2. Henry Pet: The Henry for cat and dog owners

Price: £219 | Buy now from Amazon

Henry Pet has the same 10m cable and 620W motor as the regular Henry, but an increased drum capacity of nine litres compared to the standard Henry, and an additional tool, the EcoBrush, to deal with stubborn pet hairs that can attach themselves to carpets and upholstery. It also has a charcoal-activated filter to reduce odours that may otherwise hang around when air is expelled as part of the regular vacuuming process.

As with the regular Henry, the bundle includes a three-part wand, brush tool, floor tool and crevice tool for directing airflow into tight corners. Henry Pet is also sold as a Harry.

3. Henry XL Plus: The larger, more versatile Henry

Price: £139 | Buy now from Numatic

Henry XL Plus isn’t only big, as its name suggests, it’s also versatile. While it shares a 620W motor with the smaller model, its 15-litre capacity is almost three times that of the regular Henry and, at 12.5m, its cable is 25% longer, allowing you to get even further from the socket before needing to unplug.

It comes with a versatile set of tools, including the combi floor tool, with its switch for hard or carpeted surfaces, and a specialist AiroBrush 140 tool for improved pick-up on a wide variety of floor types. Perhaps most interesting, though, is the Flexi Crevice Tool, which bends when pressed against hard surfaces to simplify the task of reaching otherwise obscured corners. No wonder Numatic bills this as “your ultimate right-hand man for DIY clean-ups, in-car cleans, cleaning out the garage and more”.

4. Henry Quick: The stick-based Henry

Price: £299 | Buy now from Amazon

Henry Quick is one of the new breed of stick-based vacuums, with a one-litre chamber at the handle end, and a detachable wand that should be long enough for most users to reach the floor without bending down. Dust is collected in a Henry Pod rather than a traditional bag, with 26 pods included with your purchase. These are made from 65% recycled material and pop out when full for dust-free changing.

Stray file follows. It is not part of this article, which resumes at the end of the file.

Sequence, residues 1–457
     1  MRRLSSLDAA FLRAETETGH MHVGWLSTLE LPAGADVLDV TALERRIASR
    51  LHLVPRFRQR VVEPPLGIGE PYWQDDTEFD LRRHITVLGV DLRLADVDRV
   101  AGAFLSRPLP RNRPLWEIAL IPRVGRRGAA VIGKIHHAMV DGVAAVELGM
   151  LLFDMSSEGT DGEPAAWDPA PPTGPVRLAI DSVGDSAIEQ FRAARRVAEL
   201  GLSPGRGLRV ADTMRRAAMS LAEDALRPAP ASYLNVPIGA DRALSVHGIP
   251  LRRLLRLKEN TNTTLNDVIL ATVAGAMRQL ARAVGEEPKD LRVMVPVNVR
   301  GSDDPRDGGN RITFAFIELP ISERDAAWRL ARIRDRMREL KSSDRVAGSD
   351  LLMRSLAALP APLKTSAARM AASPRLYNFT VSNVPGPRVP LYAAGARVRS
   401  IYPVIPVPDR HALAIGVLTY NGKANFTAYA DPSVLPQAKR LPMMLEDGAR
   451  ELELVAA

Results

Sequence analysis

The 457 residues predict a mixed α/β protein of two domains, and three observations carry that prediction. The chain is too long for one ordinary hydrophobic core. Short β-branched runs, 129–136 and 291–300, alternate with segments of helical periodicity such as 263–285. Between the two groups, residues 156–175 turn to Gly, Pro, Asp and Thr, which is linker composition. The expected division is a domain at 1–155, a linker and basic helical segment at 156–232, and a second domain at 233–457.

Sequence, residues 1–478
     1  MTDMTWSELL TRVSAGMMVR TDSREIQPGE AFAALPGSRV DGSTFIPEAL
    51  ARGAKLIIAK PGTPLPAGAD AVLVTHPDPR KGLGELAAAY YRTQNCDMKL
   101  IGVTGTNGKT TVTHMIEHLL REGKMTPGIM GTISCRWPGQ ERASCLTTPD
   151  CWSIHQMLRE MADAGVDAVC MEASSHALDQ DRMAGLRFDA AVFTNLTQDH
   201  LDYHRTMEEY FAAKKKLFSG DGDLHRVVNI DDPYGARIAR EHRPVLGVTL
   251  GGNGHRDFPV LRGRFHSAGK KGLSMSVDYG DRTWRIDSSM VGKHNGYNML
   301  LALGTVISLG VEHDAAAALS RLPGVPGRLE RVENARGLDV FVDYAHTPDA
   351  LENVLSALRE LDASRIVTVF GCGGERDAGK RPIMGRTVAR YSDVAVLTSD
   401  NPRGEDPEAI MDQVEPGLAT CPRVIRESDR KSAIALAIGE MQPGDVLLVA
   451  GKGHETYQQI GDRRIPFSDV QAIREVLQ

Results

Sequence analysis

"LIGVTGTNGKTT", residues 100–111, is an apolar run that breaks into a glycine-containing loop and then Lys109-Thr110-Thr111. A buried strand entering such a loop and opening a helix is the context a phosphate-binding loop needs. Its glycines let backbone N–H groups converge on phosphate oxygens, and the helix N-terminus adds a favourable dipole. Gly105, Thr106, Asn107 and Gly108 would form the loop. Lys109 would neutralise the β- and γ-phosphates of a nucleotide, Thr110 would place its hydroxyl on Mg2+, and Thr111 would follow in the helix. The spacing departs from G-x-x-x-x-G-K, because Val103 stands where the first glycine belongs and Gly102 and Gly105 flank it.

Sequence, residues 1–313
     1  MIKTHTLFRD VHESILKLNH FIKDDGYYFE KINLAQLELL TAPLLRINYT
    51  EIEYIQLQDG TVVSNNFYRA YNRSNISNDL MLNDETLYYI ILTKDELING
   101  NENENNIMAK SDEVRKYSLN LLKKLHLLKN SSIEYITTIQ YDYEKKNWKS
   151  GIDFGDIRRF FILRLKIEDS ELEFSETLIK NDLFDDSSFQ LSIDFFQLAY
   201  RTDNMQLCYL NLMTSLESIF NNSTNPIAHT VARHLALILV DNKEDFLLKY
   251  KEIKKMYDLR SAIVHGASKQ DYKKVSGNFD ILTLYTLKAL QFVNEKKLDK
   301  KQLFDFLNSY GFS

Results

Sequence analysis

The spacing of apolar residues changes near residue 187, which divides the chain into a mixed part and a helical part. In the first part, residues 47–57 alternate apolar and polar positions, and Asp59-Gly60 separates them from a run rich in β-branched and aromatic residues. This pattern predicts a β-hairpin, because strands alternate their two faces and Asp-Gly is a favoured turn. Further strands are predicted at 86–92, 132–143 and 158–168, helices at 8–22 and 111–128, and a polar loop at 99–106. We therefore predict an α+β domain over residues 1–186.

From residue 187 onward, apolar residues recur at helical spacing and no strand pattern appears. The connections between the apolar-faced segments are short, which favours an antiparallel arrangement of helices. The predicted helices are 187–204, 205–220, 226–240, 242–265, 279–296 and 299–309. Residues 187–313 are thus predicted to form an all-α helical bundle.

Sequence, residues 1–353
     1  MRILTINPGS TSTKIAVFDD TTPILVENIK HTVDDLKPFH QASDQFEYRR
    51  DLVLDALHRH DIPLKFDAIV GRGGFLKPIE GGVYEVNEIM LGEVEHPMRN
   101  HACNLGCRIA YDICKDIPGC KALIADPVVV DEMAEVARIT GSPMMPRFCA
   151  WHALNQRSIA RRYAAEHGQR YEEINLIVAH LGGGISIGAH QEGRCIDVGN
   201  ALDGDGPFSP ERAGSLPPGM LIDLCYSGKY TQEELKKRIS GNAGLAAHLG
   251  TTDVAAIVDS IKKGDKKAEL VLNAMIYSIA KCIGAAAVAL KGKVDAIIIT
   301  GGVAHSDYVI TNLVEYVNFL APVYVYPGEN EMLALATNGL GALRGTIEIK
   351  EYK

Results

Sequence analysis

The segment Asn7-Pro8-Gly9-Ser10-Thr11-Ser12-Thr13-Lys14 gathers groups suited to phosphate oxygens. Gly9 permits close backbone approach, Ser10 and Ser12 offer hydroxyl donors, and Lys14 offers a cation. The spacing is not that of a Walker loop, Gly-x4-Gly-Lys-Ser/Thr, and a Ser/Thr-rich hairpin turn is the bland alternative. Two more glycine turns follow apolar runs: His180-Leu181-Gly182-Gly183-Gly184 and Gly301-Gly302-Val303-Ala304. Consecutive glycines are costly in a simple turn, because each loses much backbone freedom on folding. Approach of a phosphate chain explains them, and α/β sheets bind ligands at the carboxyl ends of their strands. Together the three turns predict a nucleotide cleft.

It’s battery powered, so cable length is no issue, and manufacturer Numatic claims a 70-minute runtime on low power and 16 minutes on high power; results that are a whisker away from what we recorded in our testing. The battery recharges to 100% in a claimed 150 minutes.

Henry Quick is available in graphite, pink, and traditional Henry red, and comes with a wall dock for storage when not in use.

Read our full Henry Quick review for more details

5. Henry Xtra: The higher-capacity Henry

Price: £180 | Buy now from Amazon

Henry Xtra costs around £20 more than the regular Henry (at list prices). For that, you get the same 620W motor but a 50% larger collection chamber (at nine litres), and two extra heads: the Hard Floor Tool and the AiroBrush Tool. The Hard Floor tool’s primary use is obvious from its name: in Numatic’s words, it’s “specially designed to provide peak suction performance on laminate, tiles and wood”. In this respect, it’s the perfect complement to the AiroBrush, with its focus on lifting dirt, dust and hairs from carpets.

6. Henry Allergy: The fine filtered Henry

Price: £266 | Buy now from Amazon

With a three-stage HEPA (High Efficiency Particulate Air) filter capable of capturing particles up to 800 times smaller than the width of a human hair, Henry Allergy has been awarded the British Allergy Foundation’s seal of approval. Manufacturer Numatic claims it reduces exposure to allergens and provides relief from pet allergies, making it a versatile, flexible option for users who might otherwise turn to the Henry Pet.